Back in our Activity, create the dictionary and modify the constructors of the InfoWindowAdapter and the ClusterRenderer:
You can now compile and deploy to your phone. InfoWindows correctly display the specific information contained in a Clusteritem:
How to limit the cluster by marker type?
Still want to go further? No problem ! I explained it to you at the very beginning of my article, in Moovenow, we display infrastructure, associations, and sporting events on the map. So we have three different types of markers, that’s why we wanted three different groups! It’s done, it hurts the skull but you’ll see, we get there 🙂
For the example, I will add a categories of marker “favorites”. These markers will be yellow (and not green like the others). And the groupings of yellow and green markers will be independent. Similarly, the InfoWindows will be independent as well as the actions to be taken following a click on the InfoWindow.
Let’s first modify our Clusteritem class. If m_bIsFav is true, then the marker will be yellow. Otherwise, it will be green.
It is then necessary to modify the ClusterRenderer, because it takes care of the display of the images:
To customize the content of InfoWindows according to marker types, it’s as we did before:
Everything is fine ? Breathe a good blow, that’s where everything is played! In our Activity we will create multiple instances of ClusterManager in order to have independent clusters. Similarly, there will be multiple instances of ClusterRenderer. On the other hand, we keep a single instance of InfoWindowAdapter, which will be reused by the different ClusterManager and ClusterRenderer.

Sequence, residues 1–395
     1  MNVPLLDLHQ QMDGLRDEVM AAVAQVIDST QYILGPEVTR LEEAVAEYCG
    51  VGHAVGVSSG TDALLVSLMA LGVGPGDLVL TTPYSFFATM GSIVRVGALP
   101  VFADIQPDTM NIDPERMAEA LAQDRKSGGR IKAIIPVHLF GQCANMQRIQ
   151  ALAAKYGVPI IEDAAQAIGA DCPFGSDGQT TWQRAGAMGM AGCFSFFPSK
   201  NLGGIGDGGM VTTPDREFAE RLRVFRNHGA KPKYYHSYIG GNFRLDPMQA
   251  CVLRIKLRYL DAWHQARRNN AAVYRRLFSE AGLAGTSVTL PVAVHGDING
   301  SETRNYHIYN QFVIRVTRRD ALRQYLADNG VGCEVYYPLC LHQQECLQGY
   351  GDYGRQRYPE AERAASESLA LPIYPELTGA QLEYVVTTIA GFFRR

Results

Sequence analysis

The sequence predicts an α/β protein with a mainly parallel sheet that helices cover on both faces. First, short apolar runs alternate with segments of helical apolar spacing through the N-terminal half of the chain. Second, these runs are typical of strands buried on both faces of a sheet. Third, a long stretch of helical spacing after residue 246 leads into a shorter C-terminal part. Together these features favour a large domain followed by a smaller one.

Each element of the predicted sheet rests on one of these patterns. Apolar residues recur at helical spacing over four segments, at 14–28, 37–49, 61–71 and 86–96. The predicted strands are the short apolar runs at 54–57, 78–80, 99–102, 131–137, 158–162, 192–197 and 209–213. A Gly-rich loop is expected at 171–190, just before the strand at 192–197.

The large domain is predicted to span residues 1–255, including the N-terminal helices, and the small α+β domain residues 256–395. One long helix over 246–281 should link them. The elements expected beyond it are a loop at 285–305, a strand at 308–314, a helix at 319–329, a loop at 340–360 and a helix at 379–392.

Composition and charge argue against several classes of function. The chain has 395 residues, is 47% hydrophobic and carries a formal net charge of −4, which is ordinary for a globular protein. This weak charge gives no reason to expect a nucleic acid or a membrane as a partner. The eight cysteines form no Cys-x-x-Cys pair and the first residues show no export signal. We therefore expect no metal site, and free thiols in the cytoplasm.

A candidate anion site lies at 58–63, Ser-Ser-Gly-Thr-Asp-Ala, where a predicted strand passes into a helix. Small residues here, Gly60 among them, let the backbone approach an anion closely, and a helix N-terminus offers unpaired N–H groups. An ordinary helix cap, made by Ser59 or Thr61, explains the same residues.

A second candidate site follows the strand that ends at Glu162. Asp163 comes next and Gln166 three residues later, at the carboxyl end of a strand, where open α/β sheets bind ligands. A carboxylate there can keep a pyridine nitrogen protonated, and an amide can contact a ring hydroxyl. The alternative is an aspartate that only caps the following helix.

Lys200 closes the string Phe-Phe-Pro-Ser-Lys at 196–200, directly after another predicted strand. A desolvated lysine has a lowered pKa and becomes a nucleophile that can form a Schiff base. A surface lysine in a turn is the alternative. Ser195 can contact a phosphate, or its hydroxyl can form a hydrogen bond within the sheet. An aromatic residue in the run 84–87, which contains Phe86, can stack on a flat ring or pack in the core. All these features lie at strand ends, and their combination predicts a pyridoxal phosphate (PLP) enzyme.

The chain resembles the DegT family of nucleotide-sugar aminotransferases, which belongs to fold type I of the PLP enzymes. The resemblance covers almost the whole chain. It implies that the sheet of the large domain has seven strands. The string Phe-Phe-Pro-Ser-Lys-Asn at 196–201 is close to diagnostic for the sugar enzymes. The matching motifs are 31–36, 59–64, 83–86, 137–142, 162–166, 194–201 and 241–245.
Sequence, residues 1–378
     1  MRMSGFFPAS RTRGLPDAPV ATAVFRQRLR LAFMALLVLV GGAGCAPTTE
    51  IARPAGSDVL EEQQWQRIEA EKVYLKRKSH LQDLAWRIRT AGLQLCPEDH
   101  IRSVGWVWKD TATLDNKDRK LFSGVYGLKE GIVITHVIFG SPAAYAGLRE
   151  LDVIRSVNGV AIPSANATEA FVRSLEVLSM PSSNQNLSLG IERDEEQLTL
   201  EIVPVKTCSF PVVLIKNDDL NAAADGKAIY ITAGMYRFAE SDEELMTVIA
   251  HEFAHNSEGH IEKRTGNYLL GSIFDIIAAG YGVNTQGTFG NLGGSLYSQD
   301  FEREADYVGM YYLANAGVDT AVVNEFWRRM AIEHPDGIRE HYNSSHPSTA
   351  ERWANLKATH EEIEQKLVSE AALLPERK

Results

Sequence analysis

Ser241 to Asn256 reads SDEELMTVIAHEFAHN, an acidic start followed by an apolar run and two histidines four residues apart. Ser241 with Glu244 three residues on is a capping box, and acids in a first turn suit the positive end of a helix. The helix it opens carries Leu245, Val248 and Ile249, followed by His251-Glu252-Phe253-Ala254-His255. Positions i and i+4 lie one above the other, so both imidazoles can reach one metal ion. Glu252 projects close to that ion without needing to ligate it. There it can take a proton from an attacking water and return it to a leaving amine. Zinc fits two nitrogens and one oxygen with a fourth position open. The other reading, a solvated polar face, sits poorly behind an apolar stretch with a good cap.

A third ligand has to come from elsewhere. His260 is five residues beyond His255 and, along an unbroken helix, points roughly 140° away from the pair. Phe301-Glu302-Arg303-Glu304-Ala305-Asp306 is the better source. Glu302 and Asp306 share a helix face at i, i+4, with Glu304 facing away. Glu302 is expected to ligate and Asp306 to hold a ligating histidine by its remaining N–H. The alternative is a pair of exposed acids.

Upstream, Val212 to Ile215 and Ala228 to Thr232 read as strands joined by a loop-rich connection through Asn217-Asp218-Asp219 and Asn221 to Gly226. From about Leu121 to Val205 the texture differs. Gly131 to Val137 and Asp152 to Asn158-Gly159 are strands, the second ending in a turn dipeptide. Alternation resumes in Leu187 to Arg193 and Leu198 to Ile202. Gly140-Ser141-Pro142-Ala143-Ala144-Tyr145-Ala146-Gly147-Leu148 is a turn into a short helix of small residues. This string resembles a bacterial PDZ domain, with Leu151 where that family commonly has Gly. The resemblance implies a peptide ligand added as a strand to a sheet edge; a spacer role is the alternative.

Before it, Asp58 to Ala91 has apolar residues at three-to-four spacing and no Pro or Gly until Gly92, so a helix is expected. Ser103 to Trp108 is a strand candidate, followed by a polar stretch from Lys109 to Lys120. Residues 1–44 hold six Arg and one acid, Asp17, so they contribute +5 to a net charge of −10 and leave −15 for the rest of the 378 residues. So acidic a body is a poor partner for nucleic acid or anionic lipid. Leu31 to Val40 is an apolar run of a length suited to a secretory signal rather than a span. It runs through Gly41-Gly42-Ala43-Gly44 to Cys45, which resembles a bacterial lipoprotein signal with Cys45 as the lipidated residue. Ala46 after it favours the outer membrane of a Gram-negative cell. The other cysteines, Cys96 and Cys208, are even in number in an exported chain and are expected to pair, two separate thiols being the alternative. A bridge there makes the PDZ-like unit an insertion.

Also, since there are multiple instances of ClusterManager, you can no longer use the “m_map.SetOnCameraIdleListener (m_ClusterManager);” line of code. We need to manually trigger OnCameraIdle events from ClusterManagers. This is why the Activity must implement the IOnCameraIdleListener interface.
That is all :
Take your phones for the long-awaited result!
How to organize my code to manage different types of markers?
In the previous example, I used a ClusterItem for all my marker types (favorites and non-favorites). For an example, that’s enough. But for a sustainable and evolutionary code, I would advise rather to lean towards an abstract class, and a class implementing this abstract class for each type of marker. As a result, the InfoWindowAdapter and ClusterRenderer custom classes will only be created once, regardless of the number of marker types.
I hope this article has allowed you to advance in your projects! How did you successfully implement the Google Map API? What architecture did you use? Share your experiences 🙂